I’m horrible about this. As often as I put pen to paper for thank you notes and invitations, I can never get my act together to send a Christmas Card.
I don’t like most cards, in general. Somehow my friends always find perfect examples of the genre. And not one of them comes from a Hallmark. Recently, we’ve had a spate of family portrait style cards — only with snapshots of the kids without parents. I love them. Kids really shift your view of the holidays.
My grandmother (and Mom, this year) makes a point of sending a card from Bethlehem, MD, with the Three Kings postmark that they use there. How unusual and thoughtful is that?
Our friends display the hundreds of cards that they get by hanging them on a string or ribbon threaded up the bannister. The cards become festive decoration — glittery cardboard swag — during the holidays. I’ve seen doorways and mirrors framed by Christmas cards, too.
This year, I’m going to try and send at least one… something. Call it a “Christmas greeting” to someone to whom I owe more than an email or phone call. Maybe I’ll cut a snowflake out of construction paper like I did when I was a kid. A unique card… no two are alike!
Of course, I risk the same reaction I get when I wrap a gift. “Oh, I see you wrapped it yourself….”
But a personally penned message of warmth and love can’t be all bad. Warmth and love. Isn’t that a big part of the holiday season?
4 thoughts on “Season’s Greetings”
Here’s to warmth and love and handwritten Christmas cards! I do hope you send at least one–someone will be so happy to hear from you!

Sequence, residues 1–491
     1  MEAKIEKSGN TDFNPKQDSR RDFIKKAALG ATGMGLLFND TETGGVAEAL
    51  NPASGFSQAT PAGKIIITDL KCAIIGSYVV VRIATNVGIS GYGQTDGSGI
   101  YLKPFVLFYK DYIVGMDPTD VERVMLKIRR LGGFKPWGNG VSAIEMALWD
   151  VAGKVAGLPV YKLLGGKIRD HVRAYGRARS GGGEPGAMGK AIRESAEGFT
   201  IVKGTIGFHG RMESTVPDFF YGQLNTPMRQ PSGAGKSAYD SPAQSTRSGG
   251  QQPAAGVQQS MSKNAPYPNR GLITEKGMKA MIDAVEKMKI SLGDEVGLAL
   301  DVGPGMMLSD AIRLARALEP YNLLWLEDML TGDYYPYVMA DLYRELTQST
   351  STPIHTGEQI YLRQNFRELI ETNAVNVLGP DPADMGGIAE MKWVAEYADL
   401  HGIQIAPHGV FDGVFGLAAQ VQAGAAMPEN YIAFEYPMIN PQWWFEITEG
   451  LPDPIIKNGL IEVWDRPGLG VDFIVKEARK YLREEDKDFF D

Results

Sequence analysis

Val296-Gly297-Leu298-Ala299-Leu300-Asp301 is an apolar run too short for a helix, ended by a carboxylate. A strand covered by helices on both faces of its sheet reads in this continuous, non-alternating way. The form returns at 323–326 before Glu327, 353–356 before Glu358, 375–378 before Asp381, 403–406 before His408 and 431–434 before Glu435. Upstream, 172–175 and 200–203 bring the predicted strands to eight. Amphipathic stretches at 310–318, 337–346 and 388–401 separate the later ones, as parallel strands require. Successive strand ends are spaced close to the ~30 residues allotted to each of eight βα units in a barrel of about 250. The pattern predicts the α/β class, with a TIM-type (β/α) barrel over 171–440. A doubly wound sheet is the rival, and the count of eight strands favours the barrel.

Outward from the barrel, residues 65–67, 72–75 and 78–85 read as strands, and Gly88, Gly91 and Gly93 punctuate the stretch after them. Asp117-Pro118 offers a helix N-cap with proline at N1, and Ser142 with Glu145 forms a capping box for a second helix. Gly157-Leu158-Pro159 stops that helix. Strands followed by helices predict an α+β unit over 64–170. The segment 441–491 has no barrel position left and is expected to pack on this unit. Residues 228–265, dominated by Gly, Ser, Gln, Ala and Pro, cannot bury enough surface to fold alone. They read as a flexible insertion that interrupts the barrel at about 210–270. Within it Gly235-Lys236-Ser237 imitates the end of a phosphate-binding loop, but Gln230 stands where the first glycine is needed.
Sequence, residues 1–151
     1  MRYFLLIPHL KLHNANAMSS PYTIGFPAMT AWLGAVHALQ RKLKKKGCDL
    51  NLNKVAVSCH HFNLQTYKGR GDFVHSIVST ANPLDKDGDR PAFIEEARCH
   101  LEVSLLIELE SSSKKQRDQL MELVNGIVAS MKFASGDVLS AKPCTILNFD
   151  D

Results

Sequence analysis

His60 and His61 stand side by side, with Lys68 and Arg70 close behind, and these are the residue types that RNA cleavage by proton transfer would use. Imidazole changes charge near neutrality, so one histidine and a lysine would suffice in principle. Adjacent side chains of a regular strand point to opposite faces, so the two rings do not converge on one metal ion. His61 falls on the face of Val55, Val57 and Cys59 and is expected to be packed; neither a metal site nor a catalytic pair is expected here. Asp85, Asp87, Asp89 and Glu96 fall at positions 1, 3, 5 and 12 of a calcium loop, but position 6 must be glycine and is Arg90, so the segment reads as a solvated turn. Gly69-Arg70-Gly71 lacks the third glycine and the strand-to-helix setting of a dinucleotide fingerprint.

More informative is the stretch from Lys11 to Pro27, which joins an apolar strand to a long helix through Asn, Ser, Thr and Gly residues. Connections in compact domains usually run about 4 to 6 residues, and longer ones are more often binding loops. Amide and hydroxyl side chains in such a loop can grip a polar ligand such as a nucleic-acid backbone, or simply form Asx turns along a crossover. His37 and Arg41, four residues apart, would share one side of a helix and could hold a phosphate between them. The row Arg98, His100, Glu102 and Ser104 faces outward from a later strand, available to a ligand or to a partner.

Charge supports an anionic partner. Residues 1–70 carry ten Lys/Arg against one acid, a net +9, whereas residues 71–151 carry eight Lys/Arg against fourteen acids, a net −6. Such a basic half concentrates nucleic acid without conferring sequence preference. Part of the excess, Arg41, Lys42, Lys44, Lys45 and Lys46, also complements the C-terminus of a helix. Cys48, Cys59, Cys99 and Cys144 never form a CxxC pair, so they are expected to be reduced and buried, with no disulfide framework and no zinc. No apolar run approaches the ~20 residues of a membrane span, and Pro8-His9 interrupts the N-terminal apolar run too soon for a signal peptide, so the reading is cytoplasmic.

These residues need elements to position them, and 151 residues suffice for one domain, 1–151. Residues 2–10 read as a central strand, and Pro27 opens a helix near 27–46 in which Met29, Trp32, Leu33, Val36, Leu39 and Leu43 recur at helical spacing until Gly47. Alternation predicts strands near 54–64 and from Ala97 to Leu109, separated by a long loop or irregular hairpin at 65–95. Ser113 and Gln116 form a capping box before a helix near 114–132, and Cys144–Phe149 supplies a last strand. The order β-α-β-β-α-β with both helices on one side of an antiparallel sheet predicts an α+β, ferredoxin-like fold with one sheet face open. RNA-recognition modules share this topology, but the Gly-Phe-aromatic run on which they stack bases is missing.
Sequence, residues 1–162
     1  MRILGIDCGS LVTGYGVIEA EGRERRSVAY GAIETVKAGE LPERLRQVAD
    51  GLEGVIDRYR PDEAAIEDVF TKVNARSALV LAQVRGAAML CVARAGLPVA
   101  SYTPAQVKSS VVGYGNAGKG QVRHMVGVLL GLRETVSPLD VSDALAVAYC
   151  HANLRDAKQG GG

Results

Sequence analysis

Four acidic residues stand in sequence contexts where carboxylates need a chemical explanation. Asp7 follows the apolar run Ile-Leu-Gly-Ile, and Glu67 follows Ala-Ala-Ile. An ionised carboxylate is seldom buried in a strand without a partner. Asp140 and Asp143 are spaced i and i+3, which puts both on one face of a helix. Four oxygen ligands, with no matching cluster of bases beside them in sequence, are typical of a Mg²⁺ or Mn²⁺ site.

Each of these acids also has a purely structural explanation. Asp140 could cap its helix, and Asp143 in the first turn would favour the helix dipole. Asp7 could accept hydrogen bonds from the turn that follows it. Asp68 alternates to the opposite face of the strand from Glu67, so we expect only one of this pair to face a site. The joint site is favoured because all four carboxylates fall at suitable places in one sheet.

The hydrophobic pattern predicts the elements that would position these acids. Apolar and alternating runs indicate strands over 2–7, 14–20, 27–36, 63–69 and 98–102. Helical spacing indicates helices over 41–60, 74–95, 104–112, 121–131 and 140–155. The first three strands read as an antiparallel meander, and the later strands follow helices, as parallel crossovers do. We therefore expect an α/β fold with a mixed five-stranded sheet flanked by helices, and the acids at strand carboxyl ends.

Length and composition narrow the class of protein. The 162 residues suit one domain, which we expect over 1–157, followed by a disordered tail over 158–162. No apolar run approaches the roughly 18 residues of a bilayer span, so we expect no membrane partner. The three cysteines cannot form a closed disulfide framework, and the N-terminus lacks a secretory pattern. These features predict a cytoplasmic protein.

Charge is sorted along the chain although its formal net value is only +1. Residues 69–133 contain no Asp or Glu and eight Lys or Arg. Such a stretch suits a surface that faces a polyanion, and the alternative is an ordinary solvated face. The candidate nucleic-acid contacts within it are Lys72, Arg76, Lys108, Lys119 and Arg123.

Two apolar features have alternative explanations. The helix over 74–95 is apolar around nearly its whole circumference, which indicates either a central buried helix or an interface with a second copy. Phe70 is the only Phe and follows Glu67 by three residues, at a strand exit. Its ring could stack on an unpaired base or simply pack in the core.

Thanks for stopping by my blog and your welcome message is great–I’m all for bringing a little elegance back.
At least one it is! Thanks for your note of encouragement, and for visiting. After reading your blog and a couple of other new favourites, I know I’ve got a long way to go before I get to your level of sophistication.
I have a debate every year with the husband…do we send a card with just the children or with the whole family? I usually prefer pictures of the whole family, but as my friends age (getting into the late 30s), more and more cards just picture the children.
I must admit, I rush to the mailbox in December in anticipation of the Christmas cards. It is truly the least expensive way to stay in touch with the friends from all phases of your life.
TTI – as older parents (40’s), I think that our kids are far cuter and more card worthy. Maybe they will be the deciding factor to kick me into card sending mode.
I have managed to draft my one Christmas greeting and have only to rewrite it and cutout the snowflakes. Progress measured in small steps…